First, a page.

H7N9 avian flu
The influenza A (H7N9) virus is one subgroup among the larger group of H7 viruses that normally circulate among birds. A number of human infections of the H7N9 virus have been reported in eastern China, mostly in the Yangtze River Delta region since late March 2013. Some of the patients have died of severe pneumonia brought on by the virus.
Bird flu cure claim sparks rush for herbal root
Experts say advice is irresponsible as there is no evidence herb is effective against strain
Amid growing panic over the new strain of bird flu, some mainland officials have prescribed a surprising solution: hot brews of a root called ban lan gen.
With more cities closing their poultry markets, US scientists rushing to produce a vaccine and the death toll reaching nine as of yesterday, the herb has flown off pharmacy shelves during the past week. Many stores from Guangzhou to Shanghai are sold out, and prices have shot up.
The suggestion from several provincial authorities that people turn to the herb has garnered ridicule online and sparked debate among the mainland's scientific community.
It has also generated some reflection about the tendency towards panic buying of perceived cures or remedies in the face of threats to health.
The latest run began with a public advisory issued by Jiangsu province, where most cases of the new H7N9 strain have appeared. The memo urged experts to "explore and develop the role of Chinese medicine" in treating the new bird flu.
It suggested a list of herbs for treating infected patients, including ginseng, bamboo, liquorice and powder made from bear bile.
But what surprised most people was the assertion - unsupported by scientific evidence - that ban lan gen could prevent infection in the first place.
Ban lan gen has been a particular favourite for the mainland's panic buyers. It caught public attention during the 2003 epidemic of severe acute respiratory syndrome, then resurfaced during the 2009 H1N1 swine flu pandemic as well as previous H5N1 avian flu outbreaks.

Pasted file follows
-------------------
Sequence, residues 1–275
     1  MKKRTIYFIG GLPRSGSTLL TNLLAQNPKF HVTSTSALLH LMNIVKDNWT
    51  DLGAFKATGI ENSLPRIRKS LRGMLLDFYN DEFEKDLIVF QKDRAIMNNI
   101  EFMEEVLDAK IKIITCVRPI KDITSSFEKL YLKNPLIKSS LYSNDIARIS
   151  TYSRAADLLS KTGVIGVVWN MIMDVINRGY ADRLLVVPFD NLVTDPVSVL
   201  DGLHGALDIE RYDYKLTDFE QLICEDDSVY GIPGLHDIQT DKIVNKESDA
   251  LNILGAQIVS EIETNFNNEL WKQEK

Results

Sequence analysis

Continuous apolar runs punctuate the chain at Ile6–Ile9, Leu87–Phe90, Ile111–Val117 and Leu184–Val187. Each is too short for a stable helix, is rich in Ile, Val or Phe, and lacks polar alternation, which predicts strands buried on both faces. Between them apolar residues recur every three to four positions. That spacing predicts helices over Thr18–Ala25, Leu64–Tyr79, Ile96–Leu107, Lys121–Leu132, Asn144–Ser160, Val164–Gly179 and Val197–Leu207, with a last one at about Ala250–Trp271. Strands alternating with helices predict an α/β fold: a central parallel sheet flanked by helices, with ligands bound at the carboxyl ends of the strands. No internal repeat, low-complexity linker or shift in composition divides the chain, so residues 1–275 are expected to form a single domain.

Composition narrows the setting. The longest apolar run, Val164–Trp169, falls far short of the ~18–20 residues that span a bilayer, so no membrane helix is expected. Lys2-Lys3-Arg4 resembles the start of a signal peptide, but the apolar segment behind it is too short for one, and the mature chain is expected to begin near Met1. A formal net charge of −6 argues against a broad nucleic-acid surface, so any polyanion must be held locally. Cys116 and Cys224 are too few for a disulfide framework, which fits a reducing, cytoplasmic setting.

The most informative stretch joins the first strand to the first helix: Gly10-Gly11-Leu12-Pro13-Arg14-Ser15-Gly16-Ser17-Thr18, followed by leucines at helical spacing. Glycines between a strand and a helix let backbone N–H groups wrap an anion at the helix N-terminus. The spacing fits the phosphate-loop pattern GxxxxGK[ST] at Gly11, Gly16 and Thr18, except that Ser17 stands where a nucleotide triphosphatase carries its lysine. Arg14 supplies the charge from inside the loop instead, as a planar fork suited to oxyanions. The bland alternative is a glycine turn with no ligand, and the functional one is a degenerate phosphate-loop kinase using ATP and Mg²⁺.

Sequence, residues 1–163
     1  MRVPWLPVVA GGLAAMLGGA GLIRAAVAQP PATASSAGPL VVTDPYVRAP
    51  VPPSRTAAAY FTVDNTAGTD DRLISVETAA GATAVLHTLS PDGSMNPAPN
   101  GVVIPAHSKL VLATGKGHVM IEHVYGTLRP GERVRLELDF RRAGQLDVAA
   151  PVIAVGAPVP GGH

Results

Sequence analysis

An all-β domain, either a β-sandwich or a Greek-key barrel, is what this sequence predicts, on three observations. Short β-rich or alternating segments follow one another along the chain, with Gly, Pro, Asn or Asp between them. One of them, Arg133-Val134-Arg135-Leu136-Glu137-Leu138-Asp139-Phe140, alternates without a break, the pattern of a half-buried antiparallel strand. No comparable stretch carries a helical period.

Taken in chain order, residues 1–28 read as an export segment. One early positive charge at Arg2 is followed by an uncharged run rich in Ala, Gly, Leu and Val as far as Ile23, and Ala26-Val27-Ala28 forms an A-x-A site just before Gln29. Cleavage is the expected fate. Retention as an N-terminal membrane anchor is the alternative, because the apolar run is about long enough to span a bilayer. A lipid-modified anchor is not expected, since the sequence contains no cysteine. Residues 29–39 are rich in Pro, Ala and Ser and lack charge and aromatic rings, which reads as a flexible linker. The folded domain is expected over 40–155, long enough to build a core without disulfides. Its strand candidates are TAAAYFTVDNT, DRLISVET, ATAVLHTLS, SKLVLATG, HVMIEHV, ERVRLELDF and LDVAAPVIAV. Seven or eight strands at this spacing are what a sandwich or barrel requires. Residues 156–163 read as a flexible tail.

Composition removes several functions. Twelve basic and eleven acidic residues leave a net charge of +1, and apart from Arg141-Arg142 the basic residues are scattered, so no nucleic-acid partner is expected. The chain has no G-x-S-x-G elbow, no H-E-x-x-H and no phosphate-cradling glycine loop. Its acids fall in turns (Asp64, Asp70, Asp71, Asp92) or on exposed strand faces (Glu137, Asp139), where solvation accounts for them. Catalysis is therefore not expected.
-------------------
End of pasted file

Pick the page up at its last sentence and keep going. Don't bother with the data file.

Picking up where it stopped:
Derived from the root of the flowering plant woad, ban lan gen is also widely used to combat the common cold.
In traditional Chinese medicine, which focuses on balancing yin and yang - hot and cold - in the body, ban lan gen is valued for its "clear heat", said Yang Liteng of Southern Medical University in Guangzhou.
"In the first 24 hours of the common cold, ban lan gen can restrain the virus and is helpful," Yang said. But he said the Jiangsu advisory was irresponsible because "there is no scientific evidence showing that it is helpful" for fighting H7N9.
For the most part, central health authorities have avoided weighing in on the ban lan gen debate. The World Health Organisation has been similarly diplomatic, recommending a type of anti-influenza drug.
"We do not have enough evidence to comment on the efficacy of traditional medicines, although we know there have been reports of their efficacy," WHO spokesman Gregory Hartl said.
View H7N9 map in a larger map
Click on each balloon for more information on individual patients infected with the avian flu virus: blue, patients infected with the H7N9 virus under treatment; red, those infected with H7N9 who have died; and pink, those infect with the H1N1 avian flu virus.